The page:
Beyond that ongoing attention, I perform a half yearly formal Portfolio Review to examine the portfolio in depth, to consider it from a strategic point, and to take any appropriate actions based on what I find out.

The day-to-day awareness and the formal Portfolio Reviews combined create a buy-and-monitor habit that helps avoid the pitfalls of a passive buy-and-forget approach, or, indeed overtrading.

Dividend income

Since the launch of the Dividend Income Portfolio, early February, 2011, in order to maximise total returns we have purchased a number of dividend paying shares when they were historically undervalued. The latest purchase took place in April 2012.

The overall goal of the Dividend Income Portfolio is to attain a yield on cost of at least 10% within 10 years of the portfolio’s creation in 2011.

Some people object to the yield on cost metric, stating that it just measures past performance and has no relevance for future decisions. I see their point, but I find it inspiring to set a goal such as attaining at least 10% annual income return on my money within 10 years after I start investing it.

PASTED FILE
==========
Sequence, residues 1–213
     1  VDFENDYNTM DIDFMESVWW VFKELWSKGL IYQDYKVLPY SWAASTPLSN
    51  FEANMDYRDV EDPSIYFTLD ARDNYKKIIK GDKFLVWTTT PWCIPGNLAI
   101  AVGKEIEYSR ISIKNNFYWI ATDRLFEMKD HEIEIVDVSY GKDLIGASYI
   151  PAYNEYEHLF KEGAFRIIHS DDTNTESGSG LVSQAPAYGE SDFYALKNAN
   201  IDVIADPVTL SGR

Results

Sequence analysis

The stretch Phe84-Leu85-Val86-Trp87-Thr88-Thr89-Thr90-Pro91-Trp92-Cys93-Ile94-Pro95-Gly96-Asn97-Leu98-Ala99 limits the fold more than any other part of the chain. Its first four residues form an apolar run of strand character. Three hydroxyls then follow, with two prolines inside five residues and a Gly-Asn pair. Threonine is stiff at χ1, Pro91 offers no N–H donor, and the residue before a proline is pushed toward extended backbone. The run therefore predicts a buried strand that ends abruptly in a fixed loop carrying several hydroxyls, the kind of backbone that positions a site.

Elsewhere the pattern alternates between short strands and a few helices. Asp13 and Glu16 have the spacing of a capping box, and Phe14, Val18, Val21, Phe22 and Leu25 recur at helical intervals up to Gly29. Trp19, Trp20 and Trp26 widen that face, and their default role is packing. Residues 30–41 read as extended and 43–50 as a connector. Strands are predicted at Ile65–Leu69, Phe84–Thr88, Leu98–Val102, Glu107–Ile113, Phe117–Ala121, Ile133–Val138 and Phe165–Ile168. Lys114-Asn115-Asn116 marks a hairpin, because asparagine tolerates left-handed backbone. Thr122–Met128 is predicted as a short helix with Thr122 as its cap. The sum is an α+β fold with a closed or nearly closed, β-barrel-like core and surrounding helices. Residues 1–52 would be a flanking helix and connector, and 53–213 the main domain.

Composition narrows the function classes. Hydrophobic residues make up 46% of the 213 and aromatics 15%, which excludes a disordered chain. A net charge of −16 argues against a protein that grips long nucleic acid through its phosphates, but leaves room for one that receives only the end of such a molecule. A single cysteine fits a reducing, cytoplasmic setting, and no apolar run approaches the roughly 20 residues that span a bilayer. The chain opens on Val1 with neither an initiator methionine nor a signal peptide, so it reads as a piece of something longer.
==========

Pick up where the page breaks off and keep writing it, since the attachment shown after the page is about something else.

Another way of stating exactly the same goal would be to say that I want the Dividend Income Portfolio to be delivering at least £7,689 in annual dividends when it hits its 10th anniversary. The two goal statements are mathematically identical. Maybe it’s less objectionable to state it the second way.

Why £7,689? The portfolio was converted from an older “aimless” portfolio to one with a focused dividend income and income growth strategy, based on our in-house developed dividend valuation and financial strength methodologies.

On its “official” starting date (February 1, 2011), the Dividend Income Portfolio had a total value of £76,893 rather than a nice round number. So £7,689 is 10% of that.

So how are we doing after 22 months?

Book cost Value Income Yield on
(incl.) (excl. div.) received Cost
Company1 £2,532 £3,474 £422 16.67%
Company2 £8,835 £8,252 £366 4.15%
Company3 £3,000 £3,780 £212 7.07%
Company4 £4,248 £4,687 £448 10.53%
Company5 £5,976 £6,947 £247 4.13%
Company6 £2,998 £3,511 £283 9.45%
Company7 £3,993 £4,334 £ 85 2.12%
Total £31,582 £34,985 £2,063 6.53%

Please be aware . . .

  • this is the portfolio overview as from 1 February 2011 until 30 November 2012, i.e. 22 months. Current value as per closing at December 3rd.

  • book cost includes all cost of purchase, including commission and stamp duty

  • shares have been bought during the last 22 months, not all on February 1st, 2011; the last shares were purchased in April 2012 (Company7)